The lack of success of Windows Phone was not reason enough for Microsoft to immediately abandon its dreams of the mobile world. Before turning to Android for the Surface Duo, the company was working on Andromeda, an operating system for your dual-screen smartphones.
The project was postponed in 2018 and never picked up again. However, now we have a chance to take a look at what Andromeda was and how Microsoft envisioned the successor to Windows Phone. This is possible thanks to the fact that Windows Central have obtained a preliminary version of the operating system.
Andromeda, the project that never saw the light
As we can see in the video, Andromeda runs on a Lumia 950. This does not mean that the operating system was designed to work on that smartphone, but rather that it was one of the terminals that Microsoft engineers had to work with in the early stages. of the project.
Precisely, it is an early version of the operating system, but that does not mean that it does not show some very interesting features. One of them is the lock screen. Is allowed to take notes directly by placing the pen on the screen and without the need to open any application.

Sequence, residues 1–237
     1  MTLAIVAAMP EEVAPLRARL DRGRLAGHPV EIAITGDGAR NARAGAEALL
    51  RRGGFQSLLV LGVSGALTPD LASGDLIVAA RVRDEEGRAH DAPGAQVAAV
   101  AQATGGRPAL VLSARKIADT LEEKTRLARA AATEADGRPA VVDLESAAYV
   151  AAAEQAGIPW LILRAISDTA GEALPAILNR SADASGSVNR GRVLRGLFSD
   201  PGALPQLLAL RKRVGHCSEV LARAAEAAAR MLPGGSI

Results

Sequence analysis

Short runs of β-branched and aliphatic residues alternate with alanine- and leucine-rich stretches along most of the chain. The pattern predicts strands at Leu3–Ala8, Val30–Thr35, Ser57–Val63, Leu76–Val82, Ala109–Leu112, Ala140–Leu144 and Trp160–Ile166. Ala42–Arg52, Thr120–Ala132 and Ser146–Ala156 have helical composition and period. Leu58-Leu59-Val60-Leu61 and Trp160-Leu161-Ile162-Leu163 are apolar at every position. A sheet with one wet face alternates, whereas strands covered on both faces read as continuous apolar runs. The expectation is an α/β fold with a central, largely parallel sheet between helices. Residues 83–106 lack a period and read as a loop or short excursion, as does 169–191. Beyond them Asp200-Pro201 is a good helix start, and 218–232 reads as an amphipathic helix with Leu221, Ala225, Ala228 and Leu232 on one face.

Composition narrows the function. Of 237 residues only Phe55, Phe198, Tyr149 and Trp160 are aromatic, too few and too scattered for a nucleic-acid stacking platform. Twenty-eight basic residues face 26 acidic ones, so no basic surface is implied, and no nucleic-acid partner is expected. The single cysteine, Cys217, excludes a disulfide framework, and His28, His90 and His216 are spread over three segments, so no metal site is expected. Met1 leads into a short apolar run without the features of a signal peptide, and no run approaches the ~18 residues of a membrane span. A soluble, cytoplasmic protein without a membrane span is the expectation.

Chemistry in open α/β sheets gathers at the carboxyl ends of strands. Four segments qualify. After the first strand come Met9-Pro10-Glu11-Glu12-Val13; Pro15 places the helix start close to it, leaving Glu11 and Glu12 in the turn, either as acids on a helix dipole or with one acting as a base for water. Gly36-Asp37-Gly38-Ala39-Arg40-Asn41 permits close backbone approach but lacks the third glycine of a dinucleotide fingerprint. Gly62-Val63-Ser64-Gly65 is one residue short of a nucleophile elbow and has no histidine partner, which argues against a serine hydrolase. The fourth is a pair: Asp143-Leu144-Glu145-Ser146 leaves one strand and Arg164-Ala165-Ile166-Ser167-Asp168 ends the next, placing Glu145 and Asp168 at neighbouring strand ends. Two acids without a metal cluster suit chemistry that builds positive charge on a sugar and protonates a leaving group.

When unlocking the terminal, the possibility of taking notes was not lost, but was enriched with an experience called Journal in which you could add post-its, images, 3D objects and more. Journal ran in the background, so it was always available to the user.
Gesture navigation was also a feature present in Andromeda. When the Home and Cortana buttons disappeared when opening an app, you could swipe left to access the first button and right to access the second. If you swiped down, Control Center appeared.
This last feature was very similar to what we can see in Windows 10 or Windows 11. It had the ability to control brightness, volume, Bluetooth, mobile data, Wi-Fi, Concentration and others. Cortana, meanwhile, acted as notification manager.
Certainly some parts of Andromeda appear unfinished or do not display correctly. Let’s remember that we are dealing with an operating system at an early stage of its development, running on a single-screen device when its destination was the dual-screen ones.
Andromeda wasn’t the only project for dual-screen devices that Microsoft canceled. Those from Redmond were developing Windows 10X, a solution aimed at devices such as the Surface Neo, but it was finally canceled shortly before the launch of Windows 11.
Images | Windows Central